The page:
BRADENTON BEACH – City Building Official Steve Gilbert has the city commission’s support to issue a stop work order on a county drainage project that would remove at least 103 and possibly up to 232 Australian pines from Coquina Beach.
This comes in response to the Manatee County Commission’s 4-2 decision on Tuesday, June 18 to remove 97 more Australian pines from the south end of the Coquina Beach parking lot as part of the county’s drainage and paving project. Six pines already were removed earlier this month.
“I think they knew they were going to have to take trees out, they just didn’t divulge it. They didn’t tell us there might be an impact to the trees.” – Steve Gilbert, Bradenton Beach building official
“This would not be ‘Stop, halt, desist and take everything out.’ It would be ‘Take a break and let’s talk about this,’ ” Gilbert told the commission on Thursday, June 20.
Gilbert, City Attorney Ricinda Perry and the commission agreed to first extend the courtesy of putting the county on notice before issuing a stop work order that would bring the county project to a temporary halt.
The city’s land development code prohibits planting Australian pines and other non-native nuisance species, but the code requires replacing each prohibited tree removed with an allowed species on a one-to-one basis. City code also requires the replacement trees to be at least five feet tall.
On Friday, Gilbert sent a memo to Manatee County Project Manager Michael Sturm.
“The city is hereby placing the applicant on notice that Manatee County must come into compliance with this Land Development Code. Please prepare and submit a plan showing the location of all trees to be removed in the project area, along with a signed/sealed landscaping plan to show the locations of the replacement trees, including a list of the tree species proposed. We will then amend the project application to include the landscaping plan,” Gilbert’s memo said.
“Please be advised that the Land Development Code authorizes the city of Bradenton Beach to stop work on a project when situations such as this arise, until sufficient information is provided to assure compliance with the code. Rather than take this action, my office would prefer that we collaborate on a solution. We ask that you take steps to prevent the removal of any trees until this matter is fully resolved. This is a matter of importance, and time is of the essence. We would like to meet with you as soon as possible to review the situation and the requirements,” Gilbert’s memo concludes.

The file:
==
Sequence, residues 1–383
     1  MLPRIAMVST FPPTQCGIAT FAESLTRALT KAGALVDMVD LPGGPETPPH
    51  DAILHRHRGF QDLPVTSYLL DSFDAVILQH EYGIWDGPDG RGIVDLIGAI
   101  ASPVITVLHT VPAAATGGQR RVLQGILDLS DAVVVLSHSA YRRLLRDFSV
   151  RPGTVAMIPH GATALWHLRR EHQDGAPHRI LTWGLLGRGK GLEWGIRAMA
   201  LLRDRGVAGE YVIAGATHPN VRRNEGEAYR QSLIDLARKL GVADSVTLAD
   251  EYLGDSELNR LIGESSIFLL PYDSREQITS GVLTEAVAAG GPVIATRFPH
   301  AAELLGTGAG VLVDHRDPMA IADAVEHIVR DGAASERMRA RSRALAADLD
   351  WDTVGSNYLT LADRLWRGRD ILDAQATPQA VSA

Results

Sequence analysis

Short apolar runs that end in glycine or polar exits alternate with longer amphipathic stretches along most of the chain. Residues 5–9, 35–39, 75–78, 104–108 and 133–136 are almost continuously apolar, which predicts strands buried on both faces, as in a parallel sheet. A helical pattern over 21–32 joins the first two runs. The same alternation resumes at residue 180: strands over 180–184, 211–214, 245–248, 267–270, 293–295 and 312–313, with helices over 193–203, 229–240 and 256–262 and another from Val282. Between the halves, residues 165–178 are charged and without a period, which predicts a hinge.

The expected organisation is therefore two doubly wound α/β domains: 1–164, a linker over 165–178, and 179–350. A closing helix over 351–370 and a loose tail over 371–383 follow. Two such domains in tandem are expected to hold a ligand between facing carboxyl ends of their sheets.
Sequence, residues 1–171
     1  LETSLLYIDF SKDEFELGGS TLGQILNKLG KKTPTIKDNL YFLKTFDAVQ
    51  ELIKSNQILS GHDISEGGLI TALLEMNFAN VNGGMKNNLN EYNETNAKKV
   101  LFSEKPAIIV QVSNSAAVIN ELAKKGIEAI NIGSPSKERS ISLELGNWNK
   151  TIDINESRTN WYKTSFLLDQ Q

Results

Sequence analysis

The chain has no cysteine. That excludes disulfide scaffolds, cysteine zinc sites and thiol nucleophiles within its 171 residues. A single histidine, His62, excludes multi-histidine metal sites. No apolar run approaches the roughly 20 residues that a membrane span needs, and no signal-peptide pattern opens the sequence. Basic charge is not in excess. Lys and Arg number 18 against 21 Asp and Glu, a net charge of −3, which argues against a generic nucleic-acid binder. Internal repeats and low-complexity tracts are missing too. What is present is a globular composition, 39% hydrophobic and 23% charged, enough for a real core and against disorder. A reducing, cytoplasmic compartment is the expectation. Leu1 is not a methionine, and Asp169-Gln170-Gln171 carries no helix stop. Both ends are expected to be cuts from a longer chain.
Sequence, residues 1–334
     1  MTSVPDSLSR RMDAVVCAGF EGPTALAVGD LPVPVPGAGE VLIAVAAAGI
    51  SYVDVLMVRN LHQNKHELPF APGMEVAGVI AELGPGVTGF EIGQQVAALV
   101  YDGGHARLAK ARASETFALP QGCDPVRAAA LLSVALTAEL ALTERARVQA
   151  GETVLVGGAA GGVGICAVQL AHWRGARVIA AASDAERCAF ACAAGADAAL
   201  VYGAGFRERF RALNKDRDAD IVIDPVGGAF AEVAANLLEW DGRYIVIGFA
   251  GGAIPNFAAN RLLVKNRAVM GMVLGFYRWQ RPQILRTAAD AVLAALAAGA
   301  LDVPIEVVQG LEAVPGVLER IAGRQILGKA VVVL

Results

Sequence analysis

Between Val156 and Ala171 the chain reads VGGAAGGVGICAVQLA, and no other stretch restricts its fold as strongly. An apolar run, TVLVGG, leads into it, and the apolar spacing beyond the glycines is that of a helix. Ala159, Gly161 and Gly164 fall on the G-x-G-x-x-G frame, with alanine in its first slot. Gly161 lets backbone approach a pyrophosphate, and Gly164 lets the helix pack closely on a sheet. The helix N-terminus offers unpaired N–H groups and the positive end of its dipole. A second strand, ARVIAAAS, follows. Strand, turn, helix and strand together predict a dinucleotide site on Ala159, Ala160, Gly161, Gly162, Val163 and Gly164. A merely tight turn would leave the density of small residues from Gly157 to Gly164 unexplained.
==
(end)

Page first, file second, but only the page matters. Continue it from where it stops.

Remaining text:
“If you’re taking out 240 trees you will replace them with 240 trees,” Gilbert told the Sun earlier in the week.
He said county officials never mentioned tree removals when seeking the city-issued approvals and permits.
“I think they knew they were going to have to take trees out, they just didn’t divulge it. They didn’t tell us there might be an impact to the trees,” Gilbert said.
The county-owned beach is within the city limits and the county project requires city approvals and permitting.
On March 1, 2018, the city commission unanimously approved the project’s proposed lot coverage that County Engineer Sia Mollanazar said would include 47,437 square yards of pervious concrete and 1,098 square yards of impervious pavement.
On June 13, 2018, Sturm sent City Engineer Lynn Burnett an email that said he and Mollanazar would appreciate the city waiving its permit fees.
The agenda item request that Burnett submitted for the June 21, 2018 commission meeting said the estimated permitting fees would exceed $100,000 and delay the project. The commission unanimously approved the county’s request, except for some minimal administrative costs.
During his two appearances in Bradenton Beach, Mollanazar never mentioned tree removals.
On April 10 of this year, Gilbert issued the county a zoning and land use permit that noted the county paid only $500 of the $48,190 that could have been charged in permitting fees, saving the county $47,690.
During last week’s meeting, Mayor John Chappie said he talked to Manatee County Commission Chair Steve Jonsson. Chappie suggested the county money would be better spent addressing stormwater issues slightly to the north at Cortez Beach, where Gulf Drive and the adjacent bike lane are frequently flooded.
Vice Mayor Jake Spooner said the county project could have been designed with less impact on the trees had the county obtained a stormwater permit. Instead, county staff chose to place the drainage and paving improvements in the existing footprint of the parking areas and access roads. This alleviated the need for a state-issued stormwater permit.
Spooner questioned the wisdom of completing the project’s first phase when there is now some doubt as to whether county commissioners will approve the project’s proposed second phase.
“The majority of the parking’s still going to be flooded down at the other end,” Spooner said of that potential scenario. “There’s a lot I don’t understand about this.”
Commissioner Ralph Cole said he supports the county efforts to discharge cleaner stormwater into the nearby natural waterways, but he said removing that many trees could negatively impact air quality.
Chappie and Commissioner Randy White said they didn’t recall hearing anything about tree removals when the county project was proposed to the commission.
When contacted earlier in the week, Chappie and Spooner both said they were very disappointed by the county commission’s decision, but they thanked commissioners Betsy Benac and Carol Whitmore for opposing the project as currently planned.
“I had hoped that at the very least the county would have considered the option of cutting down 50 trees and trimming the others,” Chappie said.